The liquefied natural gas industry is still in its infancy in Canada, but in the latest development in that industry, two companies, one Chinese the other Canadian, have reached a deal to build and operate two liquefaction plants in Canada, one in British Columbia, the other in Alberta. The LNG will be used as fuel in the trucking industry, as well as in marine, rail, mining and oil and gas exploration.
Ferus Natural Gas Fuels of Calgary and ENN Canada, a subsidiary of the Chinese company ENN Group, will build the facilities, which will each produce 370,000 litres (100,000 gallons) of LNG per day, beginning in 2016. The joint venture addresses what Ferus CEO Dick Brown called a major challenge in the development of the LNG market in this country, lack of infrastructure.
“In order for our customers to make the switch to natural gas, they need certainty of an uninterrupted supply of LNG to fuel their equipment,” said Brown. “These two LNG liquefaction plants, along with the specialized distribution equipment and planned retail fueling stations, will ensure that supply, which in turn will promote and facilitate the widespread usage of LNG in Western Canada.”
The chief benefits of using LNG as a vehicle fuel are cost savings and reduced greenhouse gas emissions. According to the CEO of ENN Canada, Henry Caj, the cost savings to the end user of LNG are “30 to 40 per cent,” while it contributes “up to” a 25 per cent reduction in greenhouse gas.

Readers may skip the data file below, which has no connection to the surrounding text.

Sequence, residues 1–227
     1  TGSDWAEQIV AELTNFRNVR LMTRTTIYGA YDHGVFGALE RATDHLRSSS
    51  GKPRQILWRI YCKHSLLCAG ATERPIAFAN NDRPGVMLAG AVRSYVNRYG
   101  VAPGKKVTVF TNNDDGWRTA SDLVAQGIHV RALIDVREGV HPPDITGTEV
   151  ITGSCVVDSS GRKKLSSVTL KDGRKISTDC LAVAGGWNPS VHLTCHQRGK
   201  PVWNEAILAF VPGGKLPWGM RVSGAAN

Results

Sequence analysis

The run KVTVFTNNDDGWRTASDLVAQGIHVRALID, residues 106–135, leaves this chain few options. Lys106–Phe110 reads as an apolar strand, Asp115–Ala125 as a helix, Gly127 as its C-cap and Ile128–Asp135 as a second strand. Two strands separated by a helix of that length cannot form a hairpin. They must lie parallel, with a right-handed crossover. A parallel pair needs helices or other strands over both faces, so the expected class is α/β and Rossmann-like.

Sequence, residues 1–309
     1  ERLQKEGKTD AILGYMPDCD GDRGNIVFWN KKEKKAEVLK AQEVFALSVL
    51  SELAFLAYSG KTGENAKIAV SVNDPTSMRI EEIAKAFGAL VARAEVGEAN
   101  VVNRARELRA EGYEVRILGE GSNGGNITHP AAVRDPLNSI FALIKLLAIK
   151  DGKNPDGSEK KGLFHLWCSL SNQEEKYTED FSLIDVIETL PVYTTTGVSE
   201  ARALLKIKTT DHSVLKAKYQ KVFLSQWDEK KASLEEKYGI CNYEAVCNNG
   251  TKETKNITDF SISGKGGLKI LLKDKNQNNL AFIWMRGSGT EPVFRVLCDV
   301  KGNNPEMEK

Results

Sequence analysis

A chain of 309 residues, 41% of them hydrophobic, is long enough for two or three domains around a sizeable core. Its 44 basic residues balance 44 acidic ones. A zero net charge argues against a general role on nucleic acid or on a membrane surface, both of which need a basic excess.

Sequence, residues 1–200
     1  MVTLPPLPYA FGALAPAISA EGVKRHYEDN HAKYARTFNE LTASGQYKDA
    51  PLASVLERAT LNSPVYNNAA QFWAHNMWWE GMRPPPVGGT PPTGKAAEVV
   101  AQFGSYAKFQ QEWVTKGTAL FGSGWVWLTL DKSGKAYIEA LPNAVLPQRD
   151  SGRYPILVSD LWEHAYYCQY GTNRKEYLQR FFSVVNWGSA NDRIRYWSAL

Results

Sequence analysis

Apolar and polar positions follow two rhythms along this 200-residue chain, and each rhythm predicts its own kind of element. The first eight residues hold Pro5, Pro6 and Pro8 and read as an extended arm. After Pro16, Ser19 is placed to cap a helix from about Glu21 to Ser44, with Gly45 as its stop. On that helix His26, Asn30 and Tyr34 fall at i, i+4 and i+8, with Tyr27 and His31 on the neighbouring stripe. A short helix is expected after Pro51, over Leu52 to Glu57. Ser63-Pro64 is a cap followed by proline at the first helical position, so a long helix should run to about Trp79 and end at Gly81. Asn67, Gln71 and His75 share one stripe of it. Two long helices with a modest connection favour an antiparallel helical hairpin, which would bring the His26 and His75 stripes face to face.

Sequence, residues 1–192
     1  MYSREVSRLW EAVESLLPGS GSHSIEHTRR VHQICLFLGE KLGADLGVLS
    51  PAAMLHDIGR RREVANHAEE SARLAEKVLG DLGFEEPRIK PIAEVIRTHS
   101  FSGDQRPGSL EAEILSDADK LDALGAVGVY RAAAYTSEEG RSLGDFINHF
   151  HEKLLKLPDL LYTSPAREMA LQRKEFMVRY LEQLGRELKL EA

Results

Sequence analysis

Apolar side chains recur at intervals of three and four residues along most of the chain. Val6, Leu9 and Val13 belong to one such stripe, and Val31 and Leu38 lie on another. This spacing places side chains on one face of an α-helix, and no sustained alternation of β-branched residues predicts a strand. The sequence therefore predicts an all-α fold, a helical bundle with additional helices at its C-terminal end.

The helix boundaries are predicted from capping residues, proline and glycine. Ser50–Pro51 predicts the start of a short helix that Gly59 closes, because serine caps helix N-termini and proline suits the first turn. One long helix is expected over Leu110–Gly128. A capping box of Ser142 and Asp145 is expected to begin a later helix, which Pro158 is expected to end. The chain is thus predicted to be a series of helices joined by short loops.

The company has plans, it is reported, to build chains of LNG fueling stations across North America.
China’s CNOOC, meanwhile, which last year acquired Nexen Inc. of Calgary, has secured the rights to a parcel of land in British Columbia where it plans to build an export terminal for LNG. The Chinese company has teamed with Japan’s Inpex Corp. and JGC Corp. to build the facility, which CNOOC says is the best way it can maximize the value of its Canadian shale business. The company owns 300,000 acres of shale gas deposits in BC.
Other international oil companies, including Petronas of Malaysia, are also interested in building LNG facilities in BC. According to one report, there are no less than fourteen groups vying for space on BC’s coast. Others include Shell, Chevron, Exxon and Sinopec.
The first commercial fuelling station with LNG opened in Quebec in 2011 as part of a pilot project to create an LNG-fuelled corridor between Quebec City and Toronto.